Learning From Our Patients: A Medical Student's Journey in Addiction Medicine
My name is Alexandra and I am a second year medical student. This summer I spent a week in Minnesota learning about addiction medicine, treatment, and recovery, from both a scientific and personal perspective at the Hazelden Betty Ford Foundation Center City campus as part of the SIMS (Summer Institute for Medical Students) program. For so many reasons, this experience was absolutely incredible! The week consisted of lectures and discussions, as well as time with patients, and in particular one “buddy.” By just being present and listening as my buddy and the unit navigated this residential addiction treatment program, I learned more than I ever expected.
Throughout the week, my perspective on addiction and treatment approaches notably shifted. We learned that addiction is a brain disease. There are recognizable symptoms that can be diagnosed. There is a measurable reduction in D2 dopamine receptors, part of the reward pathway, that can lead to the characteristic cycle of addictive behaviors. The brain disease model of addiction is one of many to describe the phenomenon and thinking about addiction in the context of various models in many ways parallels the complexity of the brain. Lectures taught us more than just the neuroscience of addiction. One of the most eye-opening experiences was a discussion led by several healthcare professionals currently in the residential treatment program. Hearing their experiences, and relating to the stress and struggles they faced, felt very close to home. I was struck by the relative ease with which stress and situations relating to the medical profession (and training) can lead anyone toward addiction. I hope that this awareness, early in my career, can help as my colleagues and I embark on increasingly challenging endeavors.
The lectures also provided my first introduction to treatment approaches for patients with addiction(s). And I learned the unfortunate reality that insurance company coverage plays such a large role in treatment plan decisions for patients, sometimes counteracting patient, counselor, or physician advice. We learned about the various treatment options available, including the residential program, day treatment, and the family program. Being on the unit for a week, I was able to speak with patients at various stages in their treatment – a new-comer’s first day, a patient who had been clean for a week, my buddy was beginning his third week, a patient transitioned to day treatment, and a patient transitioned to home. Speaking with the patient who transitioned to day treatment, I realized that completing any amount of time (28 days or any other) in residential treatment does not eliminate the struggle associated with re-introducing aspects of ‘normal life’ back into one’s routine. And for those who do not have the option of going to day treatment, the transition can be particularly challenging.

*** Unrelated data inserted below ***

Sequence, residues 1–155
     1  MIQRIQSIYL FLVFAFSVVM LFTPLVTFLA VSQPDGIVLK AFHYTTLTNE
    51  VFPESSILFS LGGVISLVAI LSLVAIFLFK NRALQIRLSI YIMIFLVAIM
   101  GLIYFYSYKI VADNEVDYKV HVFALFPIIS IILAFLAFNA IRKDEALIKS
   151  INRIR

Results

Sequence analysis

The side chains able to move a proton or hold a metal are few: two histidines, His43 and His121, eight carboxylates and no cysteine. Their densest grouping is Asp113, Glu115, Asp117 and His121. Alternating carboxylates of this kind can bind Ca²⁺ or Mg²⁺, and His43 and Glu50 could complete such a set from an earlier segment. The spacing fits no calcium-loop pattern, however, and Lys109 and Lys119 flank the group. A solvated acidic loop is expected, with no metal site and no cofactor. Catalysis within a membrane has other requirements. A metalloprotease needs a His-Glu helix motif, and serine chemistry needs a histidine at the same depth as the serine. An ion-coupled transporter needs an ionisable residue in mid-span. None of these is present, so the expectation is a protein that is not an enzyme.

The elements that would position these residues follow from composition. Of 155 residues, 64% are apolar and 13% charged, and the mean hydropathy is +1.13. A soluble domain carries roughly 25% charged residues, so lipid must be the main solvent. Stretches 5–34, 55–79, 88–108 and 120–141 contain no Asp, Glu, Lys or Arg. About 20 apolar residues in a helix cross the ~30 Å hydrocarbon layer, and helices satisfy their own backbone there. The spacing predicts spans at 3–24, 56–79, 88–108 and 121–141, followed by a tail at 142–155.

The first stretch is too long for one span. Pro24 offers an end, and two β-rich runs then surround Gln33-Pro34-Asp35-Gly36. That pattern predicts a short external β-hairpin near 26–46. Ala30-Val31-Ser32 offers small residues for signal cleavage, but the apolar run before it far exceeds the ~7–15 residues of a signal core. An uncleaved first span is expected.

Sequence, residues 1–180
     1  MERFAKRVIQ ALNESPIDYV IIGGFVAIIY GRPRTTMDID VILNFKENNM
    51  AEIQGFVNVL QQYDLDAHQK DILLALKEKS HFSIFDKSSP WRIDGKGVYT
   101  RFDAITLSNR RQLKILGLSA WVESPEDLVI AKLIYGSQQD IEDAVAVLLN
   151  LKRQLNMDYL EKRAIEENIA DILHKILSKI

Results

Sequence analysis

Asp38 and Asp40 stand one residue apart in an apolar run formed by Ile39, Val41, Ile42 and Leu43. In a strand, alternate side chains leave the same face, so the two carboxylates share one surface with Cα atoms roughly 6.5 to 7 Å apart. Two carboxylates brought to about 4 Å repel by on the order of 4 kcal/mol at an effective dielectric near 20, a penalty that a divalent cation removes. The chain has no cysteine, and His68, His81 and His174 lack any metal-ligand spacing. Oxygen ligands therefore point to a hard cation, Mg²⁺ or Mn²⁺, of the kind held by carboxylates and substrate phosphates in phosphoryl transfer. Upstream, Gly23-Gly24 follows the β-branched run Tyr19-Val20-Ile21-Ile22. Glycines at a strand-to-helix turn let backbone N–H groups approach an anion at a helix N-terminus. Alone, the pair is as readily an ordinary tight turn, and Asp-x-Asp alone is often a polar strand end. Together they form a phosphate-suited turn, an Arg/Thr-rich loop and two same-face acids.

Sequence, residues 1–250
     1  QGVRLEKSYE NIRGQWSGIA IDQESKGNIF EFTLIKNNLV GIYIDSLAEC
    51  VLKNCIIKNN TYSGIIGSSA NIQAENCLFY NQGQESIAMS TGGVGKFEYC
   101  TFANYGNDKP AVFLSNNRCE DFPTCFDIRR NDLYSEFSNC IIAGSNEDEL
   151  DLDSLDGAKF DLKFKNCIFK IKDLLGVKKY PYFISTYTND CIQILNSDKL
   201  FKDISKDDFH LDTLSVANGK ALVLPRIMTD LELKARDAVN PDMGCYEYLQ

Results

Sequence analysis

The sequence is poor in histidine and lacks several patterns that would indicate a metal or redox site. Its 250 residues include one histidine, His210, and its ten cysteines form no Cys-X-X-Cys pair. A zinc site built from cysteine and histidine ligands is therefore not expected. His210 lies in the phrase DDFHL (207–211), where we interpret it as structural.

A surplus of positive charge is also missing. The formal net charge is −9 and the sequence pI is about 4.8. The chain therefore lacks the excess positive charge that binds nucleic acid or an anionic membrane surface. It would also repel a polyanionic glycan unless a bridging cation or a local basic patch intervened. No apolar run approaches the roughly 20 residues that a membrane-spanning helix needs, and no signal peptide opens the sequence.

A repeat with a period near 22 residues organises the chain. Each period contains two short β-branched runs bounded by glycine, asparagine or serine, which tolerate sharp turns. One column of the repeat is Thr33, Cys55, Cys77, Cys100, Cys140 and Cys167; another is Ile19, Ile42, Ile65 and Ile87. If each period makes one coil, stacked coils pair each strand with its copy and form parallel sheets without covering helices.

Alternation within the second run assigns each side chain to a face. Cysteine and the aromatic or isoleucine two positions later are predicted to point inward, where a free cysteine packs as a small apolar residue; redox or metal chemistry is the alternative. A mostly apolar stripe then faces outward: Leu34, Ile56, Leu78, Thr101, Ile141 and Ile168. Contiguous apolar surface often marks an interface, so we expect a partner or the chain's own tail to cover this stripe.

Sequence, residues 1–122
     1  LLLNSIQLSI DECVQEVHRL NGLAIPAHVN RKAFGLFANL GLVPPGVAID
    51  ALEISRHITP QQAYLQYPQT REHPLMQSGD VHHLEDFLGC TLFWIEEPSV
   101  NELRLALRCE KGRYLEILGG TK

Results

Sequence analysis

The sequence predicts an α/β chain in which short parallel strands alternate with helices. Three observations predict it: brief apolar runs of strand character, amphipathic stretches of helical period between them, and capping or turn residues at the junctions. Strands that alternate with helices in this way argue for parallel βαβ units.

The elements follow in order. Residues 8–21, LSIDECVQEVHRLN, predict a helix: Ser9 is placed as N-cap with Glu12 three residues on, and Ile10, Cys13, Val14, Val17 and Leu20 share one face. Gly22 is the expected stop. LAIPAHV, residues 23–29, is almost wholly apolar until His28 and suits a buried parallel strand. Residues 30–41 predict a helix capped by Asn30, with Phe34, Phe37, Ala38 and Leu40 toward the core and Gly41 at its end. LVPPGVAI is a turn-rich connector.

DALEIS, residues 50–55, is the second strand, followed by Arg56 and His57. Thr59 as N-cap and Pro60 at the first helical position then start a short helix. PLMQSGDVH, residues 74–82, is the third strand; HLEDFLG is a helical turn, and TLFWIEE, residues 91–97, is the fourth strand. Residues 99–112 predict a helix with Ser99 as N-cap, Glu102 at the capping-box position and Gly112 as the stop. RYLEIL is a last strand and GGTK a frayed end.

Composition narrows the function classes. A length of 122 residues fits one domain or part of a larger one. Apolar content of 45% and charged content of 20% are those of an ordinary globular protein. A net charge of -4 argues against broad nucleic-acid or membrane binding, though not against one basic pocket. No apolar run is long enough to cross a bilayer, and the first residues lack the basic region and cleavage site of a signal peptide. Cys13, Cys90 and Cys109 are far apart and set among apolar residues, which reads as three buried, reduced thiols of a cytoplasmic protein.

I especially treasure the time spent on the Tiebout unit. The first thing I noticed when entering the unit was the camaraderie and support. This feeling of togetherness fills the room and persists throughout any and every activity. These men welcomed me kindly to the group, encouraging me to participate in their group activities, discussions, and medallion ceremonies. They were willing to honestly answer my questions and shared with me their journeys, challenges, fears, and progress, oftentimes over lunch or dinner, or out at the ‘smoke pit.’ The Tiebout guys have shown me that when we have the strength to recognize our own shortcomings, there is hope for a better tomorrow.
This week-long journey learning about addiction medicine was extremely valuable to me. I feel that my interactions with patients have improved because of my enhanced understanding of this disease process. Comprehensively, this immersive experience taught me the value of authentic self-expression and to not be afraid of emotion. The people I have met have been utterly inspiring – the patients, counselors, staff, physicians, and fellow colleagues. I hope that I can emulate the strength and perseverance that I learned from these wonderful people in all that I encounter in the future.
For more information on the Hazelden Betty Ford Foundation, please visit: